Here is an old photo of the full building I found on the London Fire Journal blog (written in the USA).  Are you wondering where the fire engines are kept?  I missed them off my photo and this old one does not show them either.  Here comes the Turnout...

An entry to ABC Wednesday Round 10, a journey from A to Z

Saturday, 18 February 2012

Film Stars

The Sepia Saturday meme "Using old images as prompts for new reflections"

This Sepia Saturday prompt reminded me that I had two old Picture Show Annuals "The Year's Best in Pictures".  These I  inherited from my mother and they fascinated me as a child.  As I grew older I thought it out of character she owned them for although she liked films she was not a collector of memorabilia.  When she was in her 80s and clearing out some books she said  "I must give these back to Mabel".  What the!!!  Now consider this, she had borrowed them as a teenager from her friend Mabel Gardner, it must have been in her mind to return them, but war had intervened, she joined the Fire Service and was posted elsewhere in the country. She kept in contact with Mabel but I don't think she had seen her in person for at least 55 years.  We decided, well OK she decided,  that we would go and visit Mabel, even identified the area of the town she lived in as we passed it on one journey to visit my uncle, but my mother's memory deteriorated with dementia and she became frail before we could do it and now sadly neither of them is with us any more.  So here am I now sharing some of its pictures from the golden age of cinema from one of the books.        

'Picture Show' was a weekly magazine containing the latest news of film favourites such as
Clark Gable (1901-1960).  The caption says
"He is known as a man's man. Which means that he has a devastating effect on women. He likes to omit the morning shave on shooting and fishing trips with a couple of other congenial companions of similar tastes. "Parnell" gives him his greatest acting opportunity".  
Guess the smooth cheek was only for the women he had the devastating effect on, and why his frequent co-star and friend Joan Crawford said he was the most masculine man she had ever met, as anyone who has seen him playing Rhett Butler in  'Gone With the Wind' could probably guess. 

I wondered if the dog in this picture was his and discovered that he always seemed to have kept dogs, including dachshunds, hunting dogs and this one, Parnell, who shared photo opportunities on numerous occasions
 (Photo from www.acertaincinema.com)
such as this picture taken in 1939 which ties in with the date of this Picture Show Annual of
1938 where Greta Garbo (1905-1990) in her role as Camille graces the cover. She looks remarkably cheerful for such a tragic story. Like Clark Gable, Greta Garbo started her career in silent films and her first talkie (Anna Christie) was famously promoted by the strap line "Garbo talks".

Now our host said if we did not have pictures of film stars them people sitting on chairs might be a possibility so here is Joel McCrea (1905-1990) combining both elements and  looking relaxed on a film set,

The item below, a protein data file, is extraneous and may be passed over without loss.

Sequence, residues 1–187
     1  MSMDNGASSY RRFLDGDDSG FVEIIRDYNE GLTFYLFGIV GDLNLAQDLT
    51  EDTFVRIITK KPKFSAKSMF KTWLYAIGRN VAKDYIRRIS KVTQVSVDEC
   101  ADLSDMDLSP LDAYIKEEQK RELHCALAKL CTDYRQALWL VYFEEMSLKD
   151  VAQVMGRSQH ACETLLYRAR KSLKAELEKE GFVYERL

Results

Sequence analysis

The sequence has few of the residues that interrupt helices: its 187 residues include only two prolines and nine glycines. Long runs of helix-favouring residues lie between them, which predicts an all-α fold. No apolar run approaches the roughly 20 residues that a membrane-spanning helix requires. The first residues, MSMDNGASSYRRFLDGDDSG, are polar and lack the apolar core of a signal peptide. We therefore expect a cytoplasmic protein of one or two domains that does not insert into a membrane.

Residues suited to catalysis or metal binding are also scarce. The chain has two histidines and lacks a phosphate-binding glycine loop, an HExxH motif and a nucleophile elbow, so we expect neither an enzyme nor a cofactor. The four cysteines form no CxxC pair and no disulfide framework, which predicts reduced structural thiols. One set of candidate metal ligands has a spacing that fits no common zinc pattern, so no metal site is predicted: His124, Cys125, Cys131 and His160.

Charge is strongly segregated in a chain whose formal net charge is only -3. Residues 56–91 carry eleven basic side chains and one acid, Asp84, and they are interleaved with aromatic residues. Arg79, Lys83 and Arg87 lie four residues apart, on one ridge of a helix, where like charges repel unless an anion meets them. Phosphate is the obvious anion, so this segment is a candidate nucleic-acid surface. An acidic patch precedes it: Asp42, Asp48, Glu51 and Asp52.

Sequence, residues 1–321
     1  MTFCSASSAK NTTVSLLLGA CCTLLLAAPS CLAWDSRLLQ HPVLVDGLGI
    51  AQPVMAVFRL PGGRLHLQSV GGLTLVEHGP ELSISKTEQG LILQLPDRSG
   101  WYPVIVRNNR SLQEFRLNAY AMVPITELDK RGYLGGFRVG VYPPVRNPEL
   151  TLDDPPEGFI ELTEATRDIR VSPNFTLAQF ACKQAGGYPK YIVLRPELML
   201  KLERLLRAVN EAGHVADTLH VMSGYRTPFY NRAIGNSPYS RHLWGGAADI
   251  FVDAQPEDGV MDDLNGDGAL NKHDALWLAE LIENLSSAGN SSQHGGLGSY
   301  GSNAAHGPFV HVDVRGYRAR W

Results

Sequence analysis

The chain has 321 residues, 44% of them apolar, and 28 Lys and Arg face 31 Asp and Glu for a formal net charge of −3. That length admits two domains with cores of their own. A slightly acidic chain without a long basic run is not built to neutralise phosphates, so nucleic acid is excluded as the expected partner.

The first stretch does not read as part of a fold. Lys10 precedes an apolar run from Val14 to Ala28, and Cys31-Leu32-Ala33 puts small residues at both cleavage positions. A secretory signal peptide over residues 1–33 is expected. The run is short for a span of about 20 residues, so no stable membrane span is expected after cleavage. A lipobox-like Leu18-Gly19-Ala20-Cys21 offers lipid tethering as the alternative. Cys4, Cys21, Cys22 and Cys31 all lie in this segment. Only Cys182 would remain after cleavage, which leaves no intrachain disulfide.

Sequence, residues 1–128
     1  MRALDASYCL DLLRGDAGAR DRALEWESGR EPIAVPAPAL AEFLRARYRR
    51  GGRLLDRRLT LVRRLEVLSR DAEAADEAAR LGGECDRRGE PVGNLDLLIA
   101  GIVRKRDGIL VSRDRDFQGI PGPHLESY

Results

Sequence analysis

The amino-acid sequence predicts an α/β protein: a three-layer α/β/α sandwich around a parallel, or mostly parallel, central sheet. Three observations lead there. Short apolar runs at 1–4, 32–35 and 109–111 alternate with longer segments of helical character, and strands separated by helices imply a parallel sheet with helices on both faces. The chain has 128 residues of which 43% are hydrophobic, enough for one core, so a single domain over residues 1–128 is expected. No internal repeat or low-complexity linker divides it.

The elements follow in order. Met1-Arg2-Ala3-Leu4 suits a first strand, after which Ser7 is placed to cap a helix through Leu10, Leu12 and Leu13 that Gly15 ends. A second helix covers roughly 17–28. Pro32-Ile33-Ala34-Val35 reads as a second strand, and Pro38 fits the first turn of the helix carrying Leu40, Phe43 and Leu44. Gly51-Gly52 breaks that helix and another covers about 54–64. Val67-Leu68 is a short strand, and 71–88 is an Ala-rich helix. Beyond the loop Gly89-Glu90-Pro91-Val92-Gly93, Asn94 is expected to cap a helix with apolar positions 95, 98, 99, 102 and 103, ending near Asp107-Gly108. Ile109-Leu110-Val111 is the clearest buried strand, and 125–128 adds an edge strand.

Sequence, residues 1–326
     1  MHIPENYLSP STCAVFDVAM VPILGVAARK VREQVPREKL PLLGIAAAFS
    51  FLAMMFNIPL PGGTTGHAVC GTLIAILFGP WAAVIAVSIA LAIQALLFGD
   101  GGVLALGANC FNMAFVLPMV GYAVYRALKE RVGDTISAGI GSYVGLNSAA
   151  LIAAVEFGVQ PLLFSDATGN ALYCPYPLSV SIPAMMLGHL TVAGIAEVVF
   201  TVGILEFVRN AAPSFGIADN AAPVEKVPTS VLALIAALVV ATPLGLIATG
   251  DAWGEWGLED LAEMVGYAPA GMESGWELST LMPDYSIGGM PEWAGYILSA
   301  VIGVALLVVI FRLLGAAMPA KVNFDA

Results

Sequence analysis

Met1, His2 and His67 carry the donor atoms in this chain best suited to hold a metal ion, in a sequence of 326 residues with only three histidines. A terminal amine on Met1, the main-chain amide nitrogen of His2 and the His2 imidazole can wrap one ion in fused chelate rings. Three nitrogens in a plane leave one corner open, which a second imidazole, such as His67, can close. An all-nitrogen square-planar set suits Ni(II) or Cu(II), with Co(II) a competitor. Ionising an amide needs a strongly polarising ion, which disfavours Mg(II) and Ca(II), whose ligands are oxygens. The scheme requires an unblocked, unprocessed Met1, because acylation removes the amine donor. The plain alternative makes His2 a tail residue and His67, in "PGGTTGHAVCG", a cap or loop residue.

The caption which the scan has fuzzed says:
"1937 marked the tenth year of film work, which he began as an "extra". It was not until three years later that we saw him in a leading rôle, but since then he has been consistently popular. He is still "un-actorish" likes a simple life on his ranch and outdoor rôles on the screen".
McCrea used to write his occupation as 'rancher' and his hobby as 'acting', and spent much of his later career in cowboy films of which he said:
 "I liked doing comedies, but as I got older I was better suited to do Westerns. Because I think it becomes unattractive for an older fellow trying to look young, falling in love with attractive girls in those kinds of situations...Anyway, I always felt so much more comfortable in the Western. The minute I got a horse and a hat and a pair of boots on, I felt easier. I didn't feel like I was an actor anymore. I felt like I was the guy out there doing it".

Tuesday, 14 February 2012

ABC Wednesday - Elvis

The Elvis Entrance of The Railway Hotel, Nantwich.  Perhaps wondering why Elvis is over the door?  The owners say they like railways but love music
hence Elvis The King of Rock of Roll over the door and if you extend your neck to the left to look to the right you will see the pub sign features the Fab Four, inside the pub is Beatles themed.  Two large flat screen TVs for sports, a pool room, pub sports teams and live bands, perhaps not the place to go for a quiet night out.  But if you want a rocking good night then here is the choice this week on Thursday its Disco Night, Friday 17th The Cavernites - "Take a ticket to ride back to the 60s" and on Saturday 18th Rogue Soul - "Rocky soul and blues".

As it is Valentines Day here is Elvis in 1960 singing Stuck on You, and throwing some moves.  Oh yes Elvis is in the building....

An entry to ABC Wednesday, Round 10 of a journey through the alphabet.